Our main focus for this project is on the Enterprise, ProRail, and a little bit on the User, NS, since these two have quite some things in common. To us, the most important aspects are efficiency, reliability and costs of the machine and these aspects go best with the Enterprise. We would like the machine to be reliable and efficient, while keeping the costs as low as possible. Our focus lies here because there are already some systems that are able to do (part) of the jobs we want to achieve. But we would like to combine them and make them better. And for our product to be of any interest to the Enterprise, the costs must be low. At least lower than what is currently spent on these activities. But we will not only focus on production costs, also, the maybe a bit more transparent, indirect costs of the machine. Like for example when the machine is broken and thus non-operable, it will cost money. If the machine is slow, it will cost money. These 'costs' are taken into account under the aspects reliability and efficiency respectively.

Objectives

  • Functions at the same time as other trains are in use (same speed as the trains)
  • Detection wear of tracks
    • Rust
    • Cracks (ultrasonic?)
    • Dimensions & shape
  • Maintenance of tracks;
    • Removing snow, using a laser
    • Removing leaves, using a laser and compressed air/shovel
    • Removing rust, using a laser

Side Objectives

  • Not have much wear of itself on the tracks
  • Charge in front of the trains for optimal use
  • Modular ‘carts’ -> different equipment for different tasks
  • Additional detection: Condition of welds, fasteners, sleepers and ballast, temperature of railway
  • Possible detection of railway track geometry using gyroscope. (heavy maintenance required for readjusting railway track geometry)

Extensions

  • Good for the climate and environment.

Approach

  • The focus lies on the User and the Enterprise, which are the NS and ProRail, respectively. Especially the Enterprise aspects are important for this system. This means that the system needs to be efficient, sustainable and that the production costs need to be as low as possible while still remaining quality.
  • Research has to be carried out about state-of-the-art technology. For example, one of the recent developments in railway technology is a laser which can remove leaves from the railway tracks [1]. We will also implement this technique into our system. Also, currently a monitor has been developed to check the condition of the tracks [2]. This technique is used to measure the cross section without contact. This technique could possibly be used for our system.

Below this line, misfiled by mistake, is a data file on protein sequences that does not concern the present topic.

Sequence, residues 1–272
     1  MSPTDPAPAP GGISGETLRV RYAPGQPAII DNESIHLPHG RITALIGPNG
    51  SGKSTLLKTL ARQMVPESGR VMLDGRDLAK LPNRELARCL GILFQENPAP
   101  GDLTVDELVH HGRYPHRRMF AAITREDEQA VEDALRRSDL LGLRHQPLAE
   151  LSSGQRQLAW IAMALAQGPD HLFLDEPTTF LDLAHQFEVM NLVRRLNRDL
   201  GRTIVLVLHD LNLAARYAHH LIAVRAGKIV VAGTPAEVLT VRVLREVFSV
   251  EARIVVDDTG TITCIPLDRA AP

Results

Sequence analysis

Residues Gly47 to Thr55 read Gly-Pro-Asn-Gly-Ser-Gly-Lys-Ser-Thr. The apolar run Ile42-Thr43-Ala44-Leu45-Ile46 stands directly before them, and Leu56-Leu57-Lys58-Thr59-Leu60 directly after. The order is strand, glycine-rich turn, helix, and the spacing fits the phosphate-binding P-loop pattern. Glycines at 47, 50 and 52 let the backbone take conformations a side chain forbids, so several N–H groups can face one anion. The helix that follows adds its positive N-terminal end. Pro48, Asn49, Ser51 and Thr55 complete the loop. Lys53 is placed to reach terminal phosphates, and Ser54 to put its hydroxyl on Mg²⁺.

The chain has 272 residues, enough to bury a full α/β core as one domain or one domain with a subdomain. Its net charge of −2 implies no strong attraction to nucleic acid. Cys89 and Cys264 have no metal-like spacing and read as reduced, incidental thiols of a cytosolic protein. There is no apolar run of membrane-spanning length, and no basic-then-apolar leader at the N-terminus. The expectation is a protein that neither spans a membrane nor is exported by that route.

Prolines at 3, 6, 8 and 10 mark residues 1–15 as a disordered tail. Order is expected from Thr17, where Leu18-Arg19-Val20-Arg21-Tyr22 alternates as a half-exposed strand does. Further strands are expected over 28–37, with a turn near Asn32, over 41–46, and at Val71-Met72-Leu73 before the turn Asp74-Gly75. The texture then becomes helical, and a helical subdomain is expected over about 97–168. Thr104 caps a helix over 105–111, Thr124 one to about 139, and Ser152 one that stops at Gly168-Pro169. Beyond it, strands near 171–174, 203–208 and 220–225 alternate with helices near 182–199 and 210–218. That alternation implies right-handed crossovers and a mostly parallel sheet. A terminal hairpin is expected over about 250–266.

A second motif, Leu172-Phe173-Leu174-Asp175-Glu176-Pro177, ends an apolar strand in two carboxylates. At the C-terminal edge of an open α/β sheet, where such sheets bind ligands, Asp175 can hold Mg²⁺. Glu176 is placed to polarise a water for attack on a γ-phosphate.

• A literature study will make clear if our idea is really innovative and unique. We will also do research about how the system needs to be designed, what the most efficient form is, how it needs to be loaded, etc.

Week 2

https://drive.google.com/open?id=0B8ju55_U5nZ4LWRLalRCbkMxVlU

The above link guides you to our Gantt chart, which has been made with the help of the program "Microsoft Project". We have divided our plan into research, prototype and requirements, and deliverables. First, we’ve described the milestones and the date on which they have to be accomplished. After that, we’ve split up these milestones into different tasks and allocated people to these different tasks, as can be seen in our Gantt chart.

Our planning can also be seen below, where the milestones are boldfaced:

Gantt chart (Job + Lindsey)

Planning & task division 15-02

Explanation focus enterprise (Floris)

Current expenses maintenance & disturbances (Floris)

Define exact problems & suggested solutions (Micha)

USE aspects & problem definition 20-02

Technology competitors in maintenance & problem detection (Tim)

State of the art technology for robot design (Job & Thomas)

Own approach railway switch maintenance (Tim)

State of the art 20-02

Interview NS 22-02 (Floris & Job)

Define prototype & specifications 20-02

Define requirements & specifications 28-02

Propulsion system (Floris & Tim)

Sensors (Job & Micha)

Maintenance equipment (Job & Micha)

Power supply & charging (Floris & Tim)

Link to train (Thomas & Lindsey)

Communication to head station (Thomas & Lindsey)

Interface (Thomas & Lindsey)

3D model (Floris & Job)

Localisation of self and trains and other robots (Micha & Lindsey)

Weather forecast integration (Tim & Thomas)

Sensor feedback integration (Tim & Thomas)

Hardware & software 14-03

Summary of expenses (Floris & Lindsey)

Budget 17-03

Functionality Robot (Job & Tim)

Use of robot (Micha & Thomas)

Future extensions/upgrades (Micha & Thomas)

Functionality, use and future adaptation 27-03

3D Model (Floris & Job)

Reflection USE aspects (Thomas & Lindsey)

Deliverables 30-03

Final presentation/demonstration 03-04

Peer review

Disturbances

There are many different causes for the disturbances in the Dutch railway system. From january 2011 until february 2017, 15110 disturbances were reported. Shown in Graph 1, the most common disturbances are accordingly [3] :

  1. Faulty train (2279 disturbances, 15,1%)
  2. Signal interference (1640 disturbances, 10,9%)
  3. Railway switch failure (1593 disturbances, 10,5%)
  4. Collision with a person (1498 disturbances, 9,9%)
  5. Repair work (691 disturbances, 4,6%)
  6. Previous disturbance (529 disturbances, 3,5%)
  7. Signal and handle failure (450 disturbances, 3%)
  8. Signal and railway switch failure (390 disturbances, 2,6%)